Editor’s Introduction

Claudia Ann Robinson (real name) has bachelors degrees in both physics and computer science and a masters degree in physics. She has worked as a teacher at the college level and now manages the ECOPSYCHOLOGY networking and discussion list. This scientifically fascinating experience happened at her high school, in her science teacher’s office, a place near Munich, Germany in Percha bei Starnberg.

Knocking at the Door of Consciousness: Beam Me Up, Scotty!
Claudia A. Robinson

This experience occurred in ninth or tenth grade around age 16 in the school year of 1976-77 or 1977-78. I had a free hour and was sitting in my science teacher’s office next to a large, solid oak table. I was alone in the room and picked up a physics text book that I had not yet seen. I had not yet taken physics in high school.

I browsed through the book from front to back in sequence, when I came across a section on particles, and the scientist’s quest for the smallest particle was described.

This question: “What is the smallest particle?” intrigued me. I put the book down on my lap and attempted to imagine what that would be. I sensed a stirring of energy at the base of my spine. Directing my attention to that while still holding the question, the energy surged up my spine into the base of my skull. As it reached my head, I had the inspired insight that the smallest particle isn’t a particle at all! It is a concentrated bundle of energy that is massless, without matter! All sorts of insights flowed from that within a mere moment.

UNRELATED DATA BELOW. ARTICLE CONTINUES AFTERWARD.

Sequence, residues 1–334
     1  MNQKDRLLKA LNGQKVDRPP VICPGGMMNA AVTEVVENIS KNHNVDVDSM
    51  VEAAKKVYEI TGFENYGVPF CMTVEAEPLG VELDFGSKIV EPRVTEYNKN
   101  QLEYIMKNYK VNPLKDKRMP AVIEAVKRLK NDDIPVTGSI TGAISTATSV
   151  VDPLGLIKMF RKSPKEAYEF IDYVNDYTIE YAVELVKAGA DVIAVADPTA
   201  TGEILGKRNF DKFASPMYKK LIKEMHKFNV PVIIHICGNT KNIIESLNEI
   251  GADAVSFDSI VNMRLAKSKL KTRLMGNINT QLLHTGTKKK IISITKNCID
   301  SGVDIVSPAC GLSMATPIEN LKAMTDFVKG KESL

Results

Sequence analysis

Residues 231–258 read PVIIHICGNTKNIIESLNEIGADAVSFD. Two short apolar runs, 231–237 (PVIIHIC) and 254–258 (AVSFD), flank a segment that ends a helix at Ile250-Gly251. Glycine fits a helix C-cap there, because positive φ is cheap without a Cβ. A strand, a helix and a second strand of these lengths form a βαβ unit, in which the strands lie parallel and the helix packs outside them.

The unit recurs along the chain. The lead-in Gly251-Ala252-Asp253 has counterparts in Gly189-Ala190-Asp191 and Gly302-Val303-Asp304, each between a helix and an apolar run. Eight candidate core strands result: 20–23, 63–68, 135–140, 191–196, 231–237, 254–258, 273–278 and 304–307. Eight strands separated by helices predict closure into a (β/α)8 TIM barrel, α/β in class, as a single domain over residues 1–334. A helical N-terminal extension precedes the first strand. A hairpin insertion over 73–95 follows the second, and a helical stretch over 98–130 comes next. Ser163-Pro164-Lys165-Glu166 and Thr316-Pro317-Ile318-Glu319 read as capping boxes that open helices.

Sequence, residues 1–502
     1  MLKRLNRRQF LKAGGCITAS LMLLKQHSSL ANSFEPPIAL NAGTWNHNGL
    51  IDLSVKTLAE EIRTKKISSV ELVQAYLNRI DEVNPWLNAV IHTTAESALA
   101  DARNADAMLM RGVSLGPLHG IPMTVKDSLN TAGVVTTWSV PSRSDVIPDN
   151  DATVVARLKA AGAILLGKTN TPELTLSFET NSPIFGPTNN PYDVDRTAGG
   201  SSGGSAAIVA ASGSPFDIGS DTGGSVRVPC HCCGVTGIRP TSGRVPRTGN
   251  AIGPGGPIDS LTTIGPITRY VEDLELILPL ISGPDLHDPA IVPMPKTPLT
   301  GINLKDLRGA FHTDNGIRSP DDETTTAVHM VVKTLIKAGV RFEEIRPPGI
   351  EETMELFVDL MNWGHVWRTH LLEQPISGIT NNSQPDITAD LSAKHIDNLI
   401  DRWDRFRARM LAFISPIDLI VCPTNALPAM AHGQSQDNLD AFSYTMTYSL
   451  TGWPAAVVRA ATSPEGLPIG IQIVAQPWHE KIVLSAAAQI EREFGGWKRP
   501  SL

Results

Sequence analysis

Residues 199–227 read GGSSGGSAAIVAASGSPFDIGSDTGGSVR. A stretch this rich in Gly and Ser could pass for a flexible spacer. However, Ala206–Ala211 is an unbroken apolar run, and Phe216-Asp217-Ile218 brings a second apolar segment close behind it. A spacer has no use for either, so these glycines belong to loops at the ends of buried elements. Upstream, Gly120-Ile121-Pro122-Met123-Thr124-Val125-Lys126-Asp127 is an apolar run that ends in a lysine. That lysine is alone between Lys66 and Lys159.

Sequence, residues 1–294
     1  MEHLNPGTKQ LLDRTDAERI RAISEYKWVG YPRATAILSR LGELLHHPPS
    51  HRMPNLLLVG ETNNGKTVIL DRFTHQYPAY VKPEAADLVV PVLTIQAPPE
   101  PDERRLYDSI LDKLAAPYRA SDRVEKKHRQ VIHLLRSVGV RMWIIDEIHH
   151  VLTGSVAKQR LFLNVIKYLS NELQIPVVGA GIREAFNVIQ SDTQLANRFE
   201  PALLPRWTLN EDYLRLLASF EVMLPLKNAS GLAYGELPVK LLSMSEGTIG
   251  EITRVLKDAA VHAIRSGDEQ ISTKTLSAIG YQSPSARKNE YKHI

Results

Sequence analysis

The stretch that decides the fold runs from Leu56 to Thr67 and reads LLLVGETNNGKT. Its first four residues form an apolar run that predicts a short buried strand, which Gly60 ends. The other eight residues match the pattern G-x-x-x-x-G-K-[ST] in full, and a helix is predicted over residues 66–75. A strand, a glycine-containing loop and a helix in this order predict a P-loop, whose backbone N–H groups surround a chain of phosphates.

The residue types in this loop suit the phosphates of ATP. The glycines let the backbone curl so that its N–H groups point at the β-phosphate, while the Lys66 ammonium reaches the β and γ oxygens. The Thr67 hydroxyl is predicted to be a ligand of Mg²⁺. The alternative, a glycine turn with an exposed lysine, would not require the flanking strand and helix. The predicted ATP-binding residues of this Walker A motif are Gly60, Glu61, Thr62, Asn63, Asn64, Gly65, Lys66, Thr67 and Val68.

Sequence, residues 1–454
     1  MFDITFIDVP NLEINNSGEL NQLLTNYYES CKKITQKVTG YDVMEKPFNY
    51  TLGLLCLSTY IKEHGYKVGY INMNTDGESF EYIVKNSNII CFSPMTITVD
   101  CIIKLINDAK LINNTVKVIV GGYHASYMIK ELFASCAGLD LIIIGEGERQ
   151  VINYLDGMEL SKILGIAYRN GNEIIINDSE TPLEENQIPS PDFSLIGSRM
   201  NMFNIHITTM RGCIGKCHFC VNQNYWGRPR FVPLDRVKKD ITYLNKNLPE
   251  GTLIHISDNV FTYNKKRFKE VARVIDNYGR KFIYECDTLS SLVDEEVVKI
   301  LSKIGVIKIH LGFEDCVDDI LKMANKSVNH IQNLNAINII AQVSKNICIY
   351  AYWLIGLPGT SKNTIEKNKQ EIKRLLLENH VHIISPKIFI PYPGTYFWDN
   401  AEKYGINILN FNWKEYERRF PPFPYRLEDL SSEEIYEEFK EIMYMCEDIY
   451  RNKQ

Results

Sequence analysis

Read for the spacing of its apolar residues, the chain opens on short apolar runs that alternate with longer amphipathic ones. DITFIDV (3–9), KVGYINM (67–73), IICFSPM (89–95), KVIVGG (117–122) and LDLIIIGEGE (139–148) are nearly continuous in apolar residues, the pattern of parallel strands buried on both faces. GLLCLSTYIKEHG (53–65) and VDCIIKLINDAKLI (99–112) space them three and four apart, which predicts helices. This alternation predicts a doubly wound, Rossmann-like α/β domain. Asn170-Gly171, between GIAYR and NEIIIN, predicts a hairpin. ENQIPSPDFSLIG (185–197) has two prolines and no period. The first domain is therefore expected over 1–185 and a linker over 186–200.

I realized that the solidness we attributed to the things around us and to our bodies is an illusion. We are just collections of concentrated bundles of energy, vibrating. It scared me to realize that with the appropriate “resonance-laser” we could disintegrate any object into unconcentrated energy. We are pure energy. The oak table in front of me was not as solid as it appeared to be. Feeling increasingly unsteady I knocked on the table. I almost feared my knuckles would just pass through it. But the sound of that knock brought be back.

Continuing to browse the textbook, I found a section about Einstein and his insight on photons. I almost jumped through the roof when I realized that what he called “photons” is nothing else but concentrated, massless bundles of energy, the very things I had just encountered in my experience.

Contributor’s Comments on the Experience

This experience is what motivated me to study physics. From the start it was an innate desire to learn intimately about Life and the Universe. I knew that the approach at university was more of a technical- scientific nature rather than the spiritual-philosophical approach I would have preferred. But where in the world would I be able to expand on the kind of experience I had that school day? I was quite willing to engage nonetheless as a way to learn the basics. After a five year hiatus, I went to graduate school to continue my studies in physics. It was then that I entered a crisis where I realized that I could no longer approach my quest in this way. I was wilting psychologically, emotionally and spiritually. I had to leave physics as it is conventionally practiced and renew my quest through a more contemplative approach. I did nonetheless graduate with a masters degree in physics.